- BBC World News
New countries are added almost daily to the list of nations where the new variant of SARS-CoV-2 has begun to circulate, which first appeared in mid-September in the United Kingdom.
Known as B117 (or also VUI-202012/01), this strain has caused an unprecedented increase in the number of cases in the country (58,784 on 1/4/21), and has become the predominant variant in just three months.
At the end of December, for example, it was estimated that 60% of new cases in London and surrounding regions corresponded to the new variant.
Many remains to be discovered about this strain that has 23 mutations (17 of which appeared abruptly) regarding the virus that appeared a year ago in the Chinese city of Wuhan, but what has become evident is that it is a lot more contagious and that is crowding out older versions of the virus.
According to a study by Imperial College London, the new strain is close to 50% more transmittable than others, and this raises the R number – which represents the average number of people to whom an infected person can infect – by between 0.4 and 0.7.
Remember that this value must be below 1 to stop the pandemic (currently, in the United Kingdom it is between 1.1 and 1.3).
” There is a huge difference in how easily this variant of the virus is transmitted,” Axel Gandy, a professor at Imperial College, told the BBC. “This is the most serious change since the epidemic began,” he added.
But what is it about this strain that although it does not cause more serious cases of the disease, it makes covid-19 spread more easily among the population? As it does? And what impact does it have on the effectiveness of the different vaccines?
The exact mechanism used to achieve this is not clear. But preliminary studies suggest that one of the 17 most important mutations (in the spike-shaped protein of the virus) allows the virus to better bind to a protein on the surface of human cells, thus facilitating infection.
Any changes that facilitate entry of the virus into the cell will play in your favor.
This mutation (known as N501Y) appears to be a major adaptation, Nick Loman of the Covid-19 Genomics UK Consortium recently told the BBC.
Another mutation – called the H69 / V70 deletion – in which a small part of the spike protein of the virus is missing – has emerged several times before, for example in infected minks in Denmark.
Research carried out by Professor Ravi Gupta, from the University of Cambridge, indicates that this mutation double infectivity in laboratory experiments.
Studies carried out by the same team of researchers suggest that this suppression makes the antibodies present in the blood of survivors less effective in attacking the virus.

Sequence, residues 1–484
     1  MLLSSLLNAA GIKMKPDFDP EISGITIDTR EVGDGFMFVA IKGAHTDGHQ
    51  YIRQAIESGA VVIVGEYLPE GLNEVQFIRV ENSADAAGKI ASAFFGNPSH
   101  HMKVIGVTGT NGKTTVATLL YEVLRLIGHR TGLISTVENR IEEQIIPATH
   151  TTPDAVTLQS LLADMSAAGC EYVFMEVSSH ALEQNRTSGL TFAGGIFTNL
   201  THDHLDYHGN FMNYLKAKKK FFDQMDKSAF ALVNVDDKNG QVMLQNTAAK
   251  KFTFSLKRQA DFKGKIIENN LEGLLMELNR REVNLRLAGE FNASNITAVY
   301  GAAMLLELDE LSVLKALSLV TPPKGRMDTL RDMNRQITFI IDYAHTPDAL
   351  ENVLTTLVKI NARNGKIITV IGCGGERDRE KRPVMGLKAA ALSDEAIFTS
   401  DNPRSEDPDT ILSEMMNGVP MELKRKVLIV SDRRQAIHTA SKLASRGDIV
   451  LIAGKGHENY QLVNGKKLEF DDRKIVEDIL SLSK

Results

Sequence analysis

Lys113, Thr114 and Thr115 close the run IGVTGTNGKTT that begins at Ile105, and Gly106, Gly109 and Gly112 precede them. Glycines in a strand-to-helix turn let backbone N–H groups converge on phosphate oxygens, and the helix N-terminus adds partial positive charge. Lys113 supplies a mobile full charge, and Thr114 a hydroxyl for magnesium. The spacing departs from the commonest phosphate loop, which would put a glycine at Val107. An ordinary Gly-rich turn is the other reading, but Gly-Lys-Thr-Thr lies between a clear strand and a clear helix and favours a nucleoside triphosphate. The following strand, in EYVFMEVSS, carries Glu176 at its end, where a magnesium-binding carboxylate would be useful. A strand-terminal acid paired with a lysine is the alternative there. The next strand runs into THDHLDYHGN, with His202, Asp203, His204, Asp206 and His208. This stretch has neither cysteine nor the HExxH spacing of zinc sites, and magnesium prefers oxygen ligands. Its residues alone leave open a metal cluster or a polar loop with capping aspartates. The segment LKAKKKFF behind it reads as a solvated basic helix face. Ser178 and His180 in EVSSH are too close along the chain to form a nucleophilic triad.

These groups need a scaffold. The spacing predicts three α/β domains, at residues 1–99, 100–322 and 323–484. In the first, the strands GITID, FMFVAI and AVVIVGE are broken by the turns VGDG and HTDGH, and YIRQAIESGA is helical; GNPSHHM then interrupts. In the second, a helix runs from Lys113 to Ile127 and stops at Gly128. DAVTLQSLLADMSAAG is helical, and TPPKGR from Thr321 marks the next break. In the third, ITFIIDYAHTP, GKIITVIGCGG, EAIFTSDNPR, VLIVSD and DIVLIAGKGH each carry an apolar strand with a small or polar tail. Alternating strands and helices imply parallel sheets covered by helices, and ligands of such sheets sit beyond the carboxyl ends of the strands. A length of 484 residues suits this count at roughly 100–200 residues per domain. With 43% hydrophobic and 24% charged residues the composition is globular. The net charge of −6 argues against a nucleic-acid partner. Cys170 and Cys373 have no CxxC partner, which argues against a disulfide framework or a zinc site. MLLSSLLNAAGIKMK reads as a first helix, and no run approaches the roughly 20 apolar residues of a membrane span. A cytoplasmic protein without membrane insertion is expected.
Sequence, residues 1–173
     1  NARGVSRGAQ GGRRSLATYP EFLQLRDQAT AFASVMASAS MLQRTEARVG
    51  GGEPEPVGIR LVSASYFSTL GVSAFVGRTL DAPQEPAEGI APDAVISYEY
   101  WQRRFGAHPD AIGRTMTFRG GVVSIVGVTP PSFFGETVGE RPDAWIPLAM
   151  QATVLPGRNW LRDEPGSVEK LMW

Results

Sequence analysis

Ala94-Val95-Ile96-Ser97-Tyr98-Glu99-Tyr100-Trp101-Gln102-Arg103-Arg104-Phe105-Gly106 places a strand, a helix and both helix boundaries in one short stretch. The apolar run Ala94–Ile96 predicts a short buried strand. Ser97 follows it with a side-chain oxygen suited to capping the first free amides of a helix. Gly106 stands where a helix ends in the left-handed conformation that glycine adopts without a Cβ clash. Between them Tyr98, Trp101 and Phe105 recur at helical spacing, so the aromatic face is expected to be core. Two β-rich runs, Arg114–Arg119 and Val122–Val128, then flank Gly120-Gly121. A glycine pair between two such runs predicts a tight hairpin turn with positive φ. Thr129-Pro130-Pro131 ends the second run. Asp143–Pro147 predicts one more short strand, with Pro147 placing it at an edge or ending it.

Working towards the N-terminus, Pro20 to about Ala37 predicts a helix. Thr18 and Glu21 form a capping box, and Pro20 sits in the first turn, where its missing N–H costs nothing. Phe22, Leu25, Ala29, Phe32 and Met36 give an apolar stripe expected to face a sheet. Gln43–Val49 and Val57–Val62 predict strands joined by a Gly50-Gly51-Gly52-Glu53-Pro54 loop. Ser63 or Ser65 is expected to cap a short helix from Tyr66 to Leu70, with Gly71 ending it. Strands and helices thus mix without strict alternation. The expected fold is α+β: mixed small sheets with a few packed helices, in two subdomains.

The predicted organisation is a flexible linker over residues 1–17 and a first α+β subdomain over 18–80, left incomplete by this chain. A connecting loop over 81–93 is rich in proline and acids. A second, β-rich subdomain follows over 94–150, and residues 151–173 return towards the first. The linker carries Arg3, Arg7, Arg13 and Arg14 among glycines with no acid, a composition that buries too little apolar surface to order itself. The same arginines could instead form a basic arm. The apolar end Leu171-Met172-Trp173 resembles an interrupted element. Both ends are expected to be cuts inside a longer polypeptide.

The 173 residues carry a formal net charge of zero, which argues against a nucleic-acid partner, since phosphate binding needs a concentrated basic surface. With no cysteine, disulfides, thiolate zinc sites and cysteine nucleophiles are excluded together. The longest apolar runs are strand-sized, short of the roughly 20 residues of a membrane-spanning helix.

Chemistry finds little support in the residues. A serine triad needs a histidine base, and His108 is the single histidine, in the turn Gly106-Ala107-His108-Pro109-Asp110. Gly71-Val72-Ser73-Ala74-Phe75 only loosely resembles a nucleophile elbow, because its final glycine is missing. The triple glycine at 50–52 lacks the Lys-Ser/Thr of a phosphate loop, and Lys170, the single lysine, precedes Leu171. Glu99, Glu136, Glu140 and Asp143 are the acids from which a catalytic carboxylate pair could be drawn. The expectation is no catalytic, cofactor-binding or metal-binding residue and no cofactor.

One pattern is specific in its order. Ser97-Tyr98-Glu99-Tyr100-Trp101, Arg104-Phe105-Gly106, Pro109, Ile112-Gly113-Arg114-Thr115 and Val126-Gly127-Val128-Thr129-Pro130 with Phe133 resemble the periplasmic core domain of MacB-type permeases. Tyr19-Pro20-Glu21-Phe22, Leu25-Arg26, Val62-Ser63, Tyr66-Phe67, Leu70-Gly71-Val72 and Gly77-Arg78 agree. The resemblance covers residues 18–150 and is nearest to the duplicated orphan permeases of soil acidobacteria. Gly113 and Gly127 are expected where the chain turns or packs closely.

Another hypothesis that is being considered to explain the high number of infections caused by the new strain focuses on the viral load.
According to preliminary studies (not yet peer reviewed) conducted by the Birmingham Public Health Laboratory, 35% of samples from patients infected with the B117 strain had high virus levels, compared to only 10% of patients infected with another variant.
That is, the viral load in the nose and throat of people with the new strain was higher, a factor that facilitates contagion.
However, the researchers note that more evidence needs to be collected and analyzed to reach firm conclusions.
On the other hand, the strain has been shown to be more prevalent in children and youth.
It is not known if this is due to the fact that the variant is more efficient infecting this sector of the population, or this increase is due to the fact that in recent months in the United Kingdom schools remained open, while the activities of adults were seen reduced by different measures of confinement and social distancing.
Relationship between the new variant and the vaccine
One of the most pressing questions facing the emergence of this strain is whether the vaccines will have the same degree of effectiveness as for the original variant.
According to Lawrence Young, a professor at the University of Warwick, the information available so far seems to indicate that vaccines will be effective against the new form of the virus.
” Variants of the virus have been around since the beginning of the pandemic and are a product of the natural process by which viruses develop and adapt to their host as they replicate.”
“Most of these mutations have no effect on the behavior of the virus, but very occasionally they can enhance its ability to infect and / or become more resistant to the body’s immune response,” Young says.
More research is needed to understand why the variant is spreading so rapidly, but early indications are that vaccines will be effective against it.
Meanwhile, it is known that the transmission mechanism of the new strain is the same as for the others (by inhaling small droplets and aerosols containing the virus and floating in the air), so it is still vital to continue with the measures of isolation, hygiene and social distance.
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Eddie is an Australian news reporter with over 9 years in the industry and has published on Forbes and tech crunch.